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Congress must understand that there’s no patient safety without strong cybersecurity | #hacking | #cybersecurity | #infosec | #comptia | #pentest | #ransomware | #hacking | #aihp

The Change Healthcare ransomware attack and the indelible impact on healthcare delivery organizations across the U.S. has pushed into its third week, spotlighting the fragile U.S. healthcare ecosystem that its stakeholders have long warned against.

The hack has been attributed to the ransomware group known as ALPHV or BlackCat, which reportedly claims Change Health paid the attackers a $22 million ransom to recover data stolen during the breach. The transaction has not been confirmed by Change Health officials.

As it stands, many of the Change Health systems still remain offline, and officials say that the downed systems should be up and running by March 15. The company has offered temporary payment solutions to bridge the gaps, and the Centers for Medicaid and Medicare Services (CMS) have also offered support. However, the stopgap solutions aren’t enough to stymy the cashflow issues, nor will it cover all of the losses.

The latest estimates show the outage could cost Change Healthcare billions of dollars in lost revenue and clients, as provider organizations seek out alternative payment options to keep their organizations afloat. But it’s the providers, particularly small practices, rural groups, and others that typically operate with razor-thin margins that are most at-risk for losing their practices altogether.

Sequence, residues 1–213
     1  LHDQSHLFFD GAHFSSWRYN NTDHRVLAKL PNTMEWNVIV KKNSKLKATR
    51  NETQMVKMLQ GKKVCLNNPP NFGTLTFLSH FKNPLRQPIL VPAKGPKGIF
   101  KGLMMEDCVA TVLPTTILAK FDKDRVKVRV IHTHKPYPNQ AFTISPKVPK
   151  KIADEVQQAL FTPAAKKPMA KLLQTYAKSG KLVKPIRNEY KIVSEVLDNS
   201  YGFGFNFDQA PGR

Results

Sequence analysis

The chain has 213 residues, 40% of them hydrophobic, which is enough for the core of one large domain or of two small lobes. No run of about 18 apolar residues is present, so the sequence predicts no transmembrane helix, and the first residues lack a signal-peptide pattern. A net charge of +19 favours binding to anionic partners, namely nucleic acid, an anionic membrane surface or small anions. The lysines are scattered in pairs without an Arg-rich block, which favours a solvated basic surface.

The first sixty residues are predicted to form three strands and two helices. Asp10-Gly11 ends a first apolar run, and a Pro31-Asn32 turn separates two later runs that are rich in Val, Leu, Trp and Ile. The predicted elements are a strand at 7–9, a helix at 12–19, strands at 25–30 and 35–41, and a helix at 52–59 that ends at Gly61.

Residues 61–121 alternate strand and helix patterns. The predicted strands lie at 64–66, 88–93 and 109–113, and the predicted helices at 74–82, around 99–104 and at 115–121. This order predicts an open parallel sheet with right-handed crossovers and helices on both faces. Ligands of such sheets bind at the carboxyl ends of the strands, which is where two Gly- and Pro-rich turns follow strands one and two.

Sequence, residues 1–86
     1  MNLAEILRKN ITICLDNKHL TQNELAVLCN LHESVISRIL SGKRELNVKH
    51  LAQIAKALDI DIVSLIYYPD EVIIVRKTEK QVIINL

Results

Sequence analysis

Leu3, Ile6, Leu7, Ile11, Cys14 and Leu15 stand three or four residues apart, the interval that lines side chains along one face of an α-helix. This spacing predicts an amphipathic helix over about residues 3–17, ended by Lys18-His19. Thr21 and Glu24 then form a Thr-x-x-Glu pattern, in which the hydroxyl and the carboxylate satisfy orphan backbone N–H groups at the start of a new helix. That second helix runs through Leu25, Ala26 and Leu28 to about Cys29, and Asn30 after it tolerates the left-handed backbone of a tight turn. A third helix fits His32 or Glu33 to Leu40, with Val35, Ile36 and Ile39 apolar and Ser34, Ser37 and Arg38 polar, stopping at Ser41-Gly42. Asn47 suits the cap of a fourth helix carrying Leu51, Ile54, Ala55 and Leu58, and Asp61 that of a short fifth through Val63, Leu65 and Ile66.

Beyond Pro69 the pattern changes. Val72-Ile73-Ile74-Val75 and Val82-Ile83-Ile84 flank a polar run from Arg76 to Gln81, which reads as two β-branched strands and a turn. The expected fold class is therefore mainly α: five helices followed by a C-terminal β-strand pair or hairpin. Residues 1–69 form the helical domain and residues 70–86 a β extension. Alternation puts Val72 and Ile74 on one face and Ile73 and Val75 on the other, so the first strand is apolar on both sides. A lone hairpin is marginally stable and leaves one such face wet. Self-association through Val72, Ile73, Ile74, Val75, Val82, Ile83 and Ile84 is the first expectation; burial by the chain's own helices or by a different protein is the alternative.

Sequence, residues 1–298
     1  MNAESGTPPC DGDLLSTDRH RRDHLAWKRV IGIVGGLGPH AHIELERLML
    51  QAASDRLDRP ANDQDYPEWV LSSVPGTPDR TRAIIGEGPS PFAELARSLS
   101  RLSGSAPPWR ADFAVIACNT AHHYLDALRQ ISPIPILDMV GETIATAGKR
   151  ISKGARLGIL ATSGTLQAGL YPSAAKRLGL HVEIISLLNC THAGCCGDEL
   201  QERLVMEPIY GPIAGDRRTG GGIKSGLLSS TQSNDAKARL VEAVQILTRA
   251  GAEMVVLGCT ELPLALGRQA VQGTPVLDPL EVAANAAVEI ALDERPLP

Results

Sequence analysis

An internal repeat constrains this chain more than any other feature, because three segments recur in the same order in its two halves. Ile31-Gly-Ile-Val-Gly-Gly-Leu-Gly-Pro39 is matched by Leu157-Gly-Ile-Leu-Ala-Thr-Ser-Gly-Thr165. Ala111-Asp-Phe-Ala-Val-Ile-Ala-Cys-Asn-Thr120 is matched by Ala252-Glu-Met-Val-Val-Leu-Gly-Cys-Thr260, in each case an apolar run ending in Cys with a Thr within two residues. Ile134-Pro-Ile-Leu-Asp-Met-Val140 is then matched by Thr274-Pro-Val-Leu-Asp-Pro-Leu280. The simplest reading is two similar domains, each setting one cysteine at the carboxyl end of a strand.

Industry conversations paint a bleak picture, with providers considering taking out loans to pay their staff, while others have borrowed against their mortgages to make payroll.

The current fallout, while alarming, represents just the tip of the iceberg. It will take years to recover the losses and many small clinics, hospitals, and providers, will not recover at all without government support. The incident may have started as a cyberattack, but the Change Health outage has become so massive that it’s just a crisis – particularly a financial crisis that will continue into the near future.